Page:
The exhibition runs until October 28 in Art 1 Gallery at the Ulster Museum.
'I feel empowered by it... it's helped my body confidence'
Michelle Martin (50), from Belfast, has been a life model at the Crescent Arts Centre in the city for over two years.
A mum to two grown-up girls aged 27 and 30, she also works as a lab technician in the health service.
Michelle says she not only surprised all of her friends and family when she decided to apply to be a life model, but also herself.
"Everyone was very surprised, including me, and I suppose it was out of character for me. I am not the type to even walk round the house naked - I'm a dressing gown girl," she adds.
"I've always worked two jobs and always had an interest in art, and a couple of years ago decided to do it for the extra cash.
"My friends laughed when I told them and said I would never be able to do it, but I really do enjoy it."
Michelle was surprised by the thorough and lengthy application process, which took three months and involved getting references from her main employer.
While the first time she took her clothes off to pose in front of a class of around 10 people was nerve-wracking, now, after dozens of times, she feels completely at ease and says it has given her more body confidence.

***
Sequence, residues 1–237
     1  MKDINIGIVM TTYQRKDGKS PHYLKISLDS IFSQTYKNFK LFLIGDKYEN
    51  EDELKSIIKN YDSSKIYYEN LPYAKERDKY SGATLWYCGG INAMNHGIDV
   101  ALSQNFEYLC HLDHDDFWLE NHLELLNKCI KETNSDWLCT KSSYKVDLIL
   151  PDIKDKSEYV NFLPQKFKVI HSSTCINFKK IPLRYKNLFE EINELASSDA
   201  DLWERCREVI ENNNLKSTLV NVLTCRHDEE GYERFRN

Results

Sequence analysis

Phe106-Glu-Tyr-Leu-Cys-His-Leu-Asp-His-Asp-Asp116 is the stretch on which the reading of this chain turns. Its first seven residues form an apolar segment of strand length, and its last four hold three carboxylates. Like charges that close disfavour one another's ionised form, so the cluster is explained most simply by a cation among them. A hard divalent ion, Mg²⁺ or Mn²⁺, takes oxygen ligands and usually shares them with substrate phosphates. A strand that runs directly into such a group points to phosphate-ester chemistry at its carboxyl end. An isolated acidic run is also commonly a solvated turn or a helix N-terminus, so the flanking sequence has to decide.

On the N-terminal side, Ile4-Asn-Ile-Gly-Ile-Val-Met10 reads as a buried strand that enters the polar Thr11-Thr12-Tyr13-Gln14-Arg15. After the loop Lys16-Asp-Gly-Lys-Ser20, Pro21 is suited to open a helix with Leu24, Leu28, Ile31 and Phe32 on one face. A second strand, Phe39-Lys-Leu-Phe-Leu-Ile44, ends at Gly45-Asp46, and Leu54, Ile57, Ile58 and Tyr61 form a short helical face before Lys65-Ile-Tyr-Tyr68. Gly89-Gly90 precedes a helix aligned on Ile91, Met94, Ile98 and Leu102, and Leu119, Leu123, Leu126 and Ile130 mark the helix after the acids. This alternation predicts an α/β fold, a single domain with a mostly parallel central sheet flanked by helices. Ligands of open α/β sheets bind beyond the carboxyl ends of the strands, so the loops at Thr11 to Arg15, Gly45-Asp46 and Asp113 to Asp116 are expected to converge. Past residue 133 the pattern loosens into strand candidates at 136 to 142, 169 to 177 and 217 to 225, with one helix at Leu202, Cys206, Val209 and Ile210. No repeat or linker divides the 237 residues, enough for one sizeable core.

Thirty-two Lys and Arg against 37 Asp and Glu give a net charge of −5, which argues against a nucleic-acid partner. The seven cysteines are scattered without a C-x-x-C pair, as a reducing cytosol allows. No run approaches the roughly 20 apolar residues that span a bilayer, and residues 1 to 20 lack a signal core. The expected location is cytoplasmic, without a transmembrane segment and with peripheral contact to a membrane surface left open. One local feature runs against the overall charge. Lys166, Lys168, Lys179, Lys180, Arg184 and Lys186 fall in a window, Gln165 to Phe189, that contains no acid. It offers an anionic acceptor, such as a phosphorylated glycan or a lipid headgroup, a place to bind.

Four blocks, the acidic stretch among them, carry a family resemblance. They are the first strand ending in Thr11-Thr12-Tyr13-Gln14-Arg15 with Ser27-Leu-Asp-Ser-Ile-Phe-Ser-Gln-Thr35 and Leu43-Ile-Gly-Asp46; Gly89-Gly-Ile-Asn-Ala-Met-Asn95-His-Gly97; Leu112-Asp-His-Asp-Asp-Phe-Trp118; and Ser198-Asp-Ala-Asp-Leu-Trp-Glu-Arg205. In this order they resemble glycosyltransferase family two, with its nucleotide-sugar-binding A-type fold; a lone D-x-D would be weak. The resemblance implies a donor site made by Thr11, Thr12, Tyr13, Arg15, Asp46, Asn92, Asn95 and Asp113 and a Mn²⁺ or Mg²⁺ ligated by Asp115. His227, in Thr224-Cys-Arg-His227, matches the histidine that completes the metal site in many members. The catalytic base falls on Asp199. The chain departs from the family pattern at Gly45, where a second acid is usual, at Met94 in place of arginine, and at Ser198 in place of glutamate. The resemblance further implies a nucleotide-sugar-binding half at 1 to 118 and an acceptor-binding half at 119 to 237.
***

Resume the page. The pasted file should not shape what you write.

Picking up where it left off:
"My first time I had a young teacher who was lovely and really helped to try and put me at my ease, but I was nervous," she explains.
"Most people in the classes are older and there are many retired people and most of them are really lovely.
"The first time I stepped onto the podium, I took a deep breath and dropped my dressing gown and then just picked a spot to look at and stared into the middle distance. Now I don't even think about it."
It is usually up to the model to decide what pose to strike and, as Michelle explains, there is much more to posing nude for artists than most people realise: "You have to sit in a way that gives each person around you something to paint.